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WoF really don’t sound that much like anyone else. The closest comparison is probably to the jazzier numbers on The Clash’s London Calling, but this is far, far weirder. Lead single ‘Businessman’s Guide to Witchcraft’, released next week, manages to tie soulful piano and razor-edged horn stabs to raging, spitting vocals and noisy guitar – it sounds improbable and unpleasant, but, incredibly, it works wonders. – The New Thing
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Waves Of Fury – ‘Businessman’s Guide to Witchcraft’(****)
Scuzzy proto-punk in the vein of Iggy Pop morphing into a Motown-beat driven garage track. Sounds like a mess; but this isn’t impossibly cluttered, it’s impossibly good. All bursts of horn and screeching vocals – it sounds like a forgotten gem from the Ace Records catalogue, but it’s brand new. B-Side Papa Sam sees them move into Jesus and Mary Chain territory, all wailing and soundscape-y rock’n'roll vocals. If you need a ‘tune’, whack this on the stereo. – Nicholas Burman / Artrocker
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Track Of The Day – Waves Of Fury – ‘Businessman’s Guide to Witchcraft’
Memo to Mark Ronson, THIS is how add horns and make them sound uber cool. A fantastic, spellbinding single that deserves to be the ultimate floor filler at every Indie disco across this greedy and unpleasant land. – The VPME
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It’s bold, it’s charming and it’s completely mad. – Amazing Blog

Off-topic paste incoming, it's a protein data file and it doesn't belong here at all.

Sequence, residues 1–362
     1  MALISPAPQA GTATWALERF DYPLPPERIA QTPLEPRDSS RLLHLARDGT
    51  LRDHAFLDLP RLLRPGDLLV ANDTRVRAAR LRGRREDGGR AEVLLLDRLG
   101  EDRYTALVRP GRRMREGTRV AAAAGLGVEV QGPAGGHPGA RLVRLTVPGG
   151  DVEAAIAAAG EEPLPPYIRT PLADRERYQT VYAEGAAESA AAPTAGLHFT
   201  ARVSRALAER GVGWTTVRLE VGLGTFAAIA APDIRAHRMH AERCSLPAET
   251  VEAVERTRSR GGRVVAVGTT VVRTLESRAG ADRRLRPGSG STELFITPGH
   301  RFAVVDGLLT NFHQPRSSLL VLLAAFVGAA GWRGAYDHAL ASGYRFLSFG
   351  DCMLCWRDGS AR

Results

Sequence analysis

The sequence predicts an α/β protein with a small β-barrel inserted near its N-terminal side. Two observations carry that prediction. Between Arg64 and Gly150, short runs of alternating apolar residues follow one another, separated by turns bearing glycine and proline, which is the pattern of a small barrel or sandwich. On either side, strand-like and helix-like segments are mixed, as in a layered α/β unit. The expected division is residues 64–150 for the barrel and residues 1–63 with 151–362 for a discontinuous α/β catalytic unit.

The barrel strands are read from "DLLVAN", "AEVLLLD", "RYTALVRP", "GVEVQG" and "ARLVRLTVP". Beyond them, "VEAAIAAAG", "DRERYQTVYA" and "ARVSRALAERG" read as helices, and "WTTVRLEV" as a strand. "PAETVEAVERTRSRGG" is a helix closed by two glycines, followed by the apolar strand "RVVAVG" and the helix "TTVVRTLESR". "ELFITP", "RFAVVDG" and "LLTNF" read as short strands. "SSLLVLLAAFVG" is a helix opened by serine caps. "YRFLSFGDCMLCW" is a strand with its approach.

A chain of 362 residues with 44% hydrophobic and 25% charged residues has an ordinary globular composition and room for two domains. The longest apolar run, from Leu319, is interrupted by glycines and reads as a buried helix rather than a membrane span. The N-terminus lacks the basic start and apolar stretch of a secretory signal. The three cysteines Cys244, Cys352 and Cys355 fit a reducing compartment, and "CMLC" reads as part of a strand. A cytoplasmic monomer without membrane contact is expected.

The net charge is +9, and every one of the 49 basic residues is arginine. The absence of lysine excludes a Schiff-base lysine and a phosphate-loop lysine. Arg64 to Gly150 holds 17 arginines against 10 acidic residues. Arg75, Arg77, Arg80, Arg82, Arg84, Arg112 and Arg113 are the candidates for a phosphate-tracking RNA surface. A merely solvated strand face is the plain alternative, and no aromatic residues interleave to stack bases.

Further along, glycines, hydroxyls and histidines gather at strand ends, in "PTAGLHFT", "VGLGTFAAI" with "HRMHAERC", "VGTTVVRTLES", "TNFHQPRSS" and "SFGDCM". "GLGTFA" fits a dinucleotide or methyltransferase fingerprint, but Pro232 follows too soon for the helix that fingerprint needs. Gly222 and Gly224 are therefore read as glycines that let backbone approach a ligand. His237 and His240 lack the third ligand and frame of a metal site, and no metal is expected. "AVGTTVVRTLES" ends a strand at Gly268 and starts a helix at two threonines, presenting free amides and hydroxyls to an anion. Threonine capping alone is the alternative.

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The new single from the hotly tipped Waves of Fury just about ticks all the ‘cool’ boxes. There’s a drawling, almost incomprehensible vocal; a ridiculously epic brass section that you think must be cribbed from a little known Motown single from the late ‘60s; fuzzy guitars; a moody bassline… There are handclaps and everything. It’s almost as if they’ve run a focus group consisting of Iggy Pop, Phil Spector, Robbie Williams and Isaac Hayes. And it really works. It somehow manages to sound brooding and euphoric at the same time. – Aberdeen Student Radio Blog
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The Waves Of Fury are a London based trashy raw garage rock soul band that weld together dirty fuzzy garage riffs, motown horns and feral vocals to create one of the most potent, energetic and down right viciosus sounds I’ve heard in bloody ages. – Rhythm & Booze
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Falling between goth gaze and zombie rock, Waves of Fury’s single Businessman’s Guide To Witchcraft is all Stax Horns and angular shouting. Pil Spector anyone? – The Guardian
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One part Jesus and Mary Chain with their fuzzy guitars, one part Iggy & The Stooges with the proto-punk vocals. And another part a blustering brass orientated and djembe noodling world music act (not forgetting the pianos). – The Monitors
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The Waves Of Fury is a multi-faceted and layered groove machine. – Ring Master
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A full assault on the senses. Lou Reed, Iggy & The Stooges, the New York Dolls influences are clear. A sonic treat! 10/10 – Blast 1386
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Alive Naturalsound Home Page | The Waves Of Fury official site